What is Dropshipping?

Rotor Sail explained

Rotor Sail is a rotating cylinder attached to the ships deck When the wind is favorable, the rotational speed of the sail is accelerated The spinning cylinder meets the wind differently on different sides of the cylinder The flow is accelerated on one side and decelerated on the other This generates a pressure difference that pushes the ship forward With the technology its possible to gain significant fuel savings on commercial ships For more info, visit www.norsepower.com

Reader Comments

  1. Why is the low pressureside on the side were the most air is redirected towards and the high pressure side were the least air is?

  2. You have to use an awful big electric motor to spin those and where do they get the power, solar panels? I think not. They get it from the diesel engines powering the ship. What's so green about that? I'm skeptical!

  3. Why the need for the rotating cylinder instead of a small solid sail? I'm sure you've done the simulations, so your rotating cylinder likely works better, but intuitively I would think an aerofoil (as on an aeroplane, but sticking upwards instead of sideways) would work better, particularly since it's using perpendicular wind.

  4. Question, is this more efficient than using a Vertical axis wind turbine such as the helical Darrieus turbine to directly provide power to the engine and if so. Why?

    In addition to this, could ships not also tow a long, light bouyant Surface attenuator in their wake to recoup energy lost through drag, or would there be a net energy loss due to the attenuators' own drag energy costs?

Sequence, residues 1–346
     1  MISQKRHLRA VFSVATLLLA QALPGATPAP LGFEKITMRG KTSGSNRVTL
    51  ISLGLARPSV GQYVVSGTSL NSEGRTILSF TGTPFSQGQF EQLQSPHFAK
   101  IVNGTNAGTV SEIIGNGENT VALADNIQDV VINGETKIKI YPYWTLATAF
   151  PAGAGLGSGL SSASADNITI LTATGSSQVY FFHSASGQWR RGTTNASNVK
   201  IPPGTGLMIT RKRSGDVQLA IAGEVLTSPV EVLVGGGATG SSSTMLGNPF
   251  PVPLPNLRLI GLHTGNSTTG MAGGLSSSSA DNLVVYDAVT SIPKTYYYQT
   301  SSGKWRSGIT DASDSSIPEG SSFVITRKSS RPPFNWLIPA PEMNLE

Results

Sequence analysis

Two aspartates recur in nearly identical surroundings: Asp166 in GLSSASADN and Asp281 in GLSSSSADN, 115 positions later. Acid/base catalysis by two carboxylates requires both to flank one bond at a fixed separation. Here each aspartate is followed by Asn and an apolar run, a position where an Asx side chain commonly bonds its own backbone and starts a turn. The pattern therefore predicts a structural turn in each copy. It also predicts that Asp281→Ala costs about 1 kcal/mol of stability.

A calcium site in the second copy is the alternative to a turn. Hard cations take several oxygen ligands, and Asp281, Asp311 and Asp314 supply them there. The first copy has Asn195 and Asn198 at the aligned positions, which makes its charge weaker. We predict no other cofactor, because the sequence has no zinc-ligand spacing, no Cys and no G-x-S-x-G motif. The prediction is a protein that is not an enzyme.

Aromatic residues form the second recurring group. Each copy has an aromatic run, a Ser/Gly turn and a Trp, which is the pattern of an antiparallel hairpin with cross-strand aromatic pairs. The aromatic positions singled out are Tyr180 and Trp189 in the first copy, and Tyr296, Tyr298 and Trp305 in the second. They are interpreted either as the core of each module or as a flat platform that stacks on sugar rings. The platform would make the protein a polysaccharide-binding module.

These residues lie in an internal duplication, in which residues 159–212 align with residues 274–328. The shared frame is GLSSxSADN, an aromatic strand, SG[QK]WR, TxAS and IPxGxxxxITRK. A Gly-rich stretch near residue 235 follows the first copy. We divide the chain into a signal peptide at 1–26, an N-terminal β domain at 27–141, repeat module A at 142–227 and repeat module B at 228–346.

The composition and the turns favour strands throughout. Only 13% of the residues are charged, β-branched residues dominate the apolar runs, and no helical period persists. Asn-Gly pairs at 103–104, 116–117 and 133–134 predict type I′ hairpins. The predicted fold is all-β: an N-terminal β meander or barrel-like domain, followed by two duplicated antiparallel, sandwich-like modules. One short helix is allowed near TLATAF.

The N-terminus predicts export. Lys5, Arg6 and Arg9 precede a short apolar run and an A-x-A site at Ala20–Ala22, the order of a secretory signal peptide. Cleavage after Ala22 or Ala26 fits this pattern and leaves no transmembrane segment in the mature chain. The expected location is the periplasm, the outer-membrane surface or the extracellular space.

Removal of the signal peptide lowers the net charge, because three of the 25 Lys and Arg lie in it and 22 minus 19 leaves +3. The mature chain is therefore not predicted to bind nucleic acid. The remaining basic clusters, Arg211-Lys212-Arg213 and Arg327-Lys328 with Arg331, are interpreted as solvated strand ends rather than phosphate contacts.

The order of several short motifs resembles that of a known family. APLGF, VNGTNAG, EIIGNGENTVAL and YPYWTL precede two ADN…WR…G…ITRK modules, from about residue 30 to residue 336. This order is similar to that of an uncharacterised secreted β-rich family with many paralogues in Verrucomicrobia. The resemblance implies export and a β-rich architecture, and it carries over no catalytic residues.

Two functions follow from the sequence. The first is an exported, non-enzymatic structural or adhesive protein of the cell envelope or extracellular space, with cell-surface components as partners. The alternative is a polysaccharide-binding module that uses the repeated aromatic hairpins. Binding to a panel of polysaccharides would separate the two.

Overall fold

5. If we had a large sailing schooner similar to the ones used on the trade routes of the nineteenth and early twentieth centuries could we replace all of those sails with rotor sails to create a rotor schooner with the primary propulsion being the rotors? Would that schooner still require a large keel to reduce sideways ship movement by the wind? Finally if the wind speed dies down can this potential loss in lift be compensated by increasing the rotor speed and if so could the lift force remain constant by a varying the rotor speeds automatically?

  6. silly. why not just use a retracting sail instead? would be far more beneficial in that it would be more efficient and when there is wind in the opposite direction will not have drag after retracting.

  7. So if the wind is blowing front to back or back to front then the lift would be perpendicular to the direction of travel. So what's the point of this?

  8. So, when the wind is not perpendicular to direction of travel, the effect is lessened to a degree, but thrust is used and maintained by force of the hull and rudder redirecting the energy forward. Same as sailing.

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